NBA commissioner Adam Silver said yesterday he was baffled by the latest attack on the league and himself from embattled Los Angeles Clippers owner Donald Sterling.
Speaking in a TV interview from Game 3 of the NBA championship finals in Miami, Silver said the league has no role in the brewing dispute between Donald Sterling and his wife, Shelly, who has negotiated a proposed US$2 billion sale of the club to former Microsoft chief executive Steve Ballmer.
Donald Sterling, who was facing the prospect of being stripped of the club over racially charged remarks he made to a girlfriend that became public in April, had said he would go along with the deal, but on Monday changed course and said he would fight it.
Donald Sterling is also pursuing a US$1 billion lawsuit against the NBA and Silver, and in his latest broadside issued on Tuesday through a lawyer said the league was violating his rights “in order to draw attention away from their own discriminatory and repulsive conduct.”
He also said that he is fighting for the fundamental rights of Americans against the NBA, which he calls “a band of hypocrites and bullies” and “despicable monsters.”
In a statement issued through attorney Bobby Samini and published on Tuesday on the Los Angeles Times Web site, Sterling accuses Silver of ignoring “the NBA’s own discriminatory practices, including those that occurred under his many years of leadership.”
“I have no idea what he’s talking about,” Silver said. “This is about Donald Sterling and his conduct, and if he wants to litigate, he’ll litigate.”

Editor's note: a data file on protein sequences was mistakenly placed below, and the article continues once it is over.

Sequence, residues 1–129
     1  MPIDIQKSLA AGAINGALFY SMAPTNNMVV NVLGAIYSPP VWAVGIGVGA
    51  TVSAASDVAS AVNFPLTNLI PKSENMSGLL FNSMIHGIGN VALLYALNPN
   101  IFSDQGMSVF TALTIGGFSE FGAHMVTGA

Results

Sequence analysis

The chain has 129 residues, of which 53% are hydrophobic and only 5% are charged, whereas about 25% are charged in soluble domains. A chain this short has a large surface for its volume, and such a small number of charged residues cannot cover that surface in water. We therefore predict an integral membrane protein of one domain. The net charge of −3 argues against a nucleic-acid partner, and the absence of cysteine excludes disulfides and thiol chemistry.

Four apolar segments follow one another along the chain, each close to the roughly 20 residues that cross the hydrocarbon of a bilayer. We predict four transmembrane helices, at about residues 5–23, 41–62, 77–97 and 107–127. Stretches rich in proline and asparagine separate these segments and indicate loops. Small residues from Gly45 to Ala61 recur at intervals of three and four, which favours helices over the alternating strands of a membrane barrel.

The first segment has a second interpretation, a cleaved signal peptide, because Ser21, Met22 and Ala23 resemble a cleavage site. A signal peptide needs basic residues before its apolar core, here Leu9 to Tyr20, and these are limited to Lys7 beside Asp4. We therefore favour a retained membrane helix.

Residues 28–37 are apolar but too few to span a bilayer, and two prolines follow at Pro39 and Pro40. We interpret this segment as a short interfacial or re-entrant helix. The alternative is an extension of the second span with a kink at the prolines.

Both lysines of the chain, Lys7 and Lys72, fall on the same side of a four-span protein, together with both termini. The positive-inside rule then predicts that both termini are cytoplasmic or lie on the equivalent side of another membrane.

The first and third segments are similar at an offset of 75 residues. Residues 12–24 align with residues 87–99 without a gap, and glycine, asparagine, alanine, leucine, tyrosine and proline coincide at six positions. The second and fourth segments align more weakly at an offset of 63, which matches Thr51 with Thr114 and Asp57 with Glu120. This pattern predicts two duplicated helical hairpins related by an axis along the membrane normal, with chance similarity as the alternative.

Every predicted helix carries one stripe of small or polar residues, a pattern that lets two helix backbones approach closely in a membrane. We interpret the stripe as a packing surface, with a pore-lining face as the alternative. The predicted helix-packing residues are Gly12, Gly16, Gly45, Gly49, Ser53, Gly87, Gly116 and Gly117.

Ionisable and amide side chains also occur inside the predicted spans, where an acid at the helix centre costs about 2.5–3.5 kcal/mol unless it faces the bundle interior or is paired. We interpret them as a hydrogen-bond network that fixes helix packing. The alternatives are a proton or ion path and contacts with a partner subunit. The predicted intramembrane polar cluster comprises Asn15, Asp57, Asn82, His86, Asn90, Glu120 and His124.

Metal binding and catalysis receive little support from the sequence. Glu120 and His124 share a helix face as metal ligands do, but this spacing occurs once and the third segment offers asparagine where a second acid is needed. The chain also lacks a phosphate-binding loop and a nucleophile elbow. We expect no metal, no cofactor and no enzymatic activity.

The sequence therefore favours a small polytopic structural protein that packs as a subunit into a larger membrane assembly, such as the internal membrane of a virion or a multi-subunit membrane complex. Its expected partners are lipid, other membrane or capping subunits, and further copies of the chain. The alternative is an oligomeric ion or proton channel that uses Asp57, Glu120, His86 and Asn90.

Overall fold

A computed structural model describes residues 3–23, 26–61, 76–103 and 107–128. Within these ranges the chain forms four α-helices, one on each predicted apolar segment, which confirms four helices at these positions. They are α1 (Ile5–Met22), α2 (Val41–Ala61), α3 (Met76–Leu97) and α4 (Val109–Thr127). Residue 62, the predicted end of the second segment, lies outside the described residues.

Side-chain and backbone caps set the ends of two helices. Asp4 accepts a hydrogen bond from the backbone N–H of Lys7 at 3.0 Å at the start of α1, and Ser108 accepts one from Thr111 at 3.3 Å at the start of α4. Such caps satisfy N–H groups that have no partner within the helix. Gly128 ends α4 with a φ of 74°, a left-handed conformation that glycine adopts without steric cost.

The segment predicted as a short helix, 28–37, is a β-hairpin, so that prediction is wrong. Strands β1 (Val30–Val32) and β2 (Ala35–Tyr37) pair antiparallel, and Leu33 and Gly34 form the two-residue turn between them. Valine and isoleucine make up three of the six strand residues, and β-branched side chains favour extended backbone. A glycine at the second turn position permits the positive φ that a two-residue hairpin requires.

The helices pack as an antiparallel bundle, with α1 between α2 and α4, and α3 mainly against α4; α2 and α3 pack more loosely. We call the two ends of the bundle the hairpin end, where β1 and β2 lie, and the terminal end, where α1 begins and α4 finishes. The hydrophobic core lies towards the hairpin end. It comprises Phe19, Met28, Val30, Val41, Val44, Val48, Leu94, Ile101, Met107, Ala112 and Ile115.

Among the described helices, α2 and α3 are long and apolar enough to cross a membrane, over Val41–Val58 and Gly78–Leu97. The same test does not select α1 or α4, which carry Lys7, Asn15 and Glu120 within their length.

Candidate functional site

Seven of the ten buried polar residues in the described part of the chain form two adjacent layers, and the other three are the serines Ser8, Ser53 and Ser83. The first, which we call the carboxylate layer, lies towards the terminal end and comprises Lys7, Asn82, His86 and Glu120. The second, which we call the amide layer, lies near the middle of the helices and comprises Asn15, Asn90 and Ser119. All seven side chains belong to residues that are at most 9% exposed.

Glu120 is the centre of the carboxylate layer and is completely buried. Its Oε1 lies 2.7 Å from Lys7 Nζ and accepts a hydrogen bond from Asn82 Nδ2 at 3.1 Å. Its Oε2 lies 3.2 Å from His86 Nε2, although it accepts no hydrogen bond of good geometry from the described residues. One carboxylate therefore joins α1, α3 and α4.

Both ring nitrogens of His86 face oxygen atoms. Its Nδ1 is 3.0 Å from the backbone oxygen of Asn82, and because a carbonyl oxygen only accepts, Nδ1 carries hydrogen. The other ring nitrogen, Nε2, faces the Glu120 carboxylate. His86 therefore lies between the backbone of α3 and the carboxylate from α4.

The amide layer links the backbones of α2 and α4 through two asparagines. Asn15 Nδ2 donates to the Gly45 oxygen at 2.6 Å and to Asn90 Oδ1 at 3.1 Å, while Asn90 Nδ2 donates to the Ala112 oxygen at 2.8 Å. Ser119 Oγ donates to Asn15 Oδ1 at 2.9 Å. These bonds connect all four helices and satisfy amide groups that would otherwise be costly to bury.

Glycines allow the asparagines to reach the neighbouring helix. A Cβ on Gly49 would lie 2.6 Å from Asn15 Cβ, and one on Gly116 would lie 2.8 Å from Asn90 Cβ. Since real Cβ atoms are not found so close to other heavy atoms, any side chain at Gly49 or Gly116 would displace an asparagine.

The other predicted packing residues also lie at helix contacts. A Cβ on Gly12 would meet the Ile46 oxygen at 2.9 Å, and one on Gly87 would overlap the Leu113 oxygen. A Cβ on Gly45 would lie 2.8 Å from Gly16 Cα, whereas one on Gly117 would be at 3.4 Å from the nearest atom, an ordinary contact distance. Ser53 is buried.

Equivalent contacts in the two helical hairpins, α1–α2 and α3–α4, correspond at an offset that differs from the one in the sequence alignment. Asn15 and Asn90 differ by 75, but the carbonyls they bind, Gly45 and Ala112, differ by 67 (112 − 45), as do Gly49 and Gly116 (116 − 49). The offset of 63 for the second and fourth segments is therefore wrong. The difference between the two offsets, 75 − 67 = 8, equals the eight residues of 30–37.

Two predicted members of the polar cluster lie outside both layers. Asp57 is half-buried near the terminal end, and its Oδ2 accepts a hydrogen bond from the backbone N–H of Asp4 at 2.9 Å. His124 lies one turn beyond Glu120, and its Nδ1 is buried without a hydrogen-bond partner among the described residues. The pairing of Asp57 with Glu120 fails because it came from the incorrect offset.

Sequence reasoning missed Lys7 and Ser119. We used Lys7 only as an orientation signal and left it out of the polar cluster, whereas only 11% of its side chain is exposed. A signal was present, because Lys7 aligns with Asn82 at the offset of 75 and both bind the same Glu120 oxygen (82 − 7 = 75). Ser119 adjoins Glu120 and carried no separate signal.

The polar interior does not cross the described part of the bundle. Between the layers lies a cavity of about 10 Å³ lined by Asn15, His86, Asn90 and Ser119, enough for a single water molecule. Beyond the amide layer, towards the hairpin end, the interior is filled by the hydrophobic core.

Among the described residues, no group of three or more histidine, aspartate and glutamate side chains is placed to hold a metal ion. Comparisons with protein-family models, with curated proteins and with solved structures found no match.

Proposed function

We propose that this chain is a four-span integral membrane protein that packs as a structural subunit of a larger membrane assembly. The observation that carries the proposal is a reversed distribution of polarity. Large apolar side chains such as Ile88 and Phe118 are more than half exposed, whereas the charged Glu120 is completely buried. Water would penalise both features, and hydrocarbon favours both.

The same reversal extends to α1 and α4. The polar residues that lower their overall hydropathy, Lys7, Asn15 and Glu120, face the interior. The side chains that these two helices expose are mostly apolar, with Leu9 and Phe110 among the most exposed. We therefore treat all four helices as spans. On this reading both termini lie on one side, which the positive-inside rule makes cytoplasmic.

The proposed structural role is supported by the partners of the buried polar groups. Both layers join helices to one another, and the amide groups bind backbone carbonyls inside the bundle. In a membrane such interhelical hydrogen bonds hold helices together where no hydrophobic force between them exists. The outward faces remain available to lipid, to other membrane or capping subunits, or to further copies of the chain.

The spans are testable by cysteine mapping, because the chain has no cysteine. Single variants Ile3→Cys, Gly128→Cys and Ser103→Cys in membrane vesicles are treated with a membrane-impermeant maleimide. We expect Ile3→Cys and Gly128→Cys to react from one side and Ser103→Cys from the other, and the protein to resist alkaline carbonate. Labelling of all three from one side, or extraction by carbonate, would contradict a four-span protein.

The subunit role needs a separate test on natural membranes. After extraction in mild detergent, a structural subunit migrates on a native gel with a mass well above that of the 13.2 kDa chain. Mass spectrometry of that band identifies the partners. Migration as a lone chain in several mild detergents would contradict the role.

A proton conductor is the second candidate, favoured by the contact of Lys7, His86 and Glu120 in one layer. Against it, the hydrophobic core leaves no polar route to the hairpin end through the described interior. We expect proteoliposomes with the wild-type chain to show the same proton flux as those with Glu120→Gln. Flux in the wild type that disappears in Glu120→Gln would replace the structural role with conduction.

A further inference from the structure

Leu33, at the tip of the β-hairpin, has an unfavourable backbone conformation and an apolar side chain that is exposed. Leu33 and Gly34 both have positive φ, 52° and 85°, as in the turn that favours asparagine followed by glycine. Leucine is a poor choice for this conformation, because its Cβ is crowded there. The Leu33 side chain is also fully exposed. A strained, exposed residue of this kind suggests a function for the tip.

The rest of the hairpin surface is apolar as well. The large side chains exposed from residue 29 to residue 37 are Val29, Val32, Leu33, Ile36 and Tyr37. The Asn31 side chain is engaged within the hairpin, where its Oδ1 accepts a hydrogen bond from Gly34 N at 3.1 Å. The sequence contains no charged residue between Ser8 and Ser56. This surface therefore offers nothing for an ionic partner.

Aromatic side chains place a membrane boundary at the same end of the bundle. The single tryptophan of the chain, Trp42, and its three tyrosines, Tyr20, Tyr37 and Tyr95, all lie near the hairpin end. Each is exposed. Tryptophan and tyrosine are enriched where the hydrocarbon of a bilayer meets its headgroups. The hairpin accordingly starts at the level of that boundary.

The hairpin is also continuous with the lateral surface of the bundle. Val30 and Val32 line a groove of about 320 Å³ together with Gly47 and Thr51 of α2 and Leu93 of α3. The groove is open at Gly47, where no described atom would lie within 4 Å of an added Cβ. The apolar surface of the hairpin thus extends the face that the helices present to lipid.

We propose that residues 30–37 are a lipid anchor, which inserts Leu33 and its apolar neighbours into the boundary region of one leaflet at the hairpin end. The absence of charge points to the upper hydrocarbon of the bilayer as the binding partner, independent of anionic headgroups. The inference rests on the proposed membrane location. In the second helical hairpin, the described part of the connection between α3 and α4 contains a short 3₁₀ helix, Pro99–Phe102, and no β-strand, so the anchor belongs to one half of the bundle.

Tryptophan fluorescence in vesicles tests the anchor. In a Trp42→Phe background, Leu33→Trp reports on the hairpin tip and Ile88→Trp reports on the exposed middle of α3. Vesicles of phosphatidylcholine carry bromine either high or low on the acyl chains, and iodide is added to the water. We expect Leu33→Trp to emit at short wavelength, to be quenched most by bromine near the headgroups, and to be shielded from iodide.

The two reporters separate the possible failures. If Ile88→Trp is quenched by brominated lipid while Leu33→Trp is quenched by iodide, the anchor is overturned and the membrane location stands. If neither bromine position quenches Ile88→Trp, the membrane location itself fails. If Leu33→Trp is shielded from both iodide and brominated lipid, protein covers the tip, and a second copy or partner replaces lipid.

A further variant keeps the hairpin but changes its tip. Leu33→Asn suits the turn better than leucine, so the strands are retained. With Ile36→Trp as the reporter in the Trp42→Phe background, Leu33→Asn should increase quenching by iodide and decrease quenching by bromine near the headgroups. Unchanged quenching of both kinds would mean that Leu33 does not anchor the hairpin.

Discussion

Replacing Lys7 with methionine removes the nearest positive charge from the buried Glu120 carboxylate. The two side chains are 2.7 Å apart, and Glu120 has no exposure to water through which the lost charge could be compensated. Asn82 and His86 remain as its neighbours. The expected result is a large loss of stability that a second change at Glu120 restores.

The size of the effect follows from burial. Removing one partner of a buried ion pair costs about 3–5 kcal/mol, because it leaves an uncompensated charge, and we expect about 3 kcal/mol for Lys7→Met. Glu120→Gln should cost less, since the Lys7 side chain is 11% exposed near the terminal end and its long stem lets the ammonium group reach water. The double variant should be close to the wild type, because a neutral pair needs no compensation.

Silver banned Donald Sterling for life from the NBA and fined him US$2.5 million when his comments disparaging black people created provoked outrage.
However, proceedings to strip him of the club were halted after Shelly Sterling, acting as the head of the Sterling Family Trust, negotiated the blockbuster deal with Ballmer.
Donald Sterling at one point indicated he would support the sale and drop the US$1 billion lawsuit he filed against the NBA on the same day the deal was announced. However, on Monday he reversed course, reiterating his claim that because the comments were made in a conversation recorded without his permission they could not be the basis for sanctions.
Donald Sterling is reportedly facing a court challenge from his wife, who according to the Los Angeles Times was to ask a judge yesterday to confirm her authority to sell the Clippers.
Donald Sterling’s attorney, Maxwell Blecher, told the newspaper he had been notified by Shelly Sterling’s lawyers that they plan to go to court yesterday to clarify who is in control of the family trust.
“The understanding we have is that she is going to go in and say that he has cognitive impairment that has prevented him from making decisions,” Blecher said. “And that is something we will oppose.”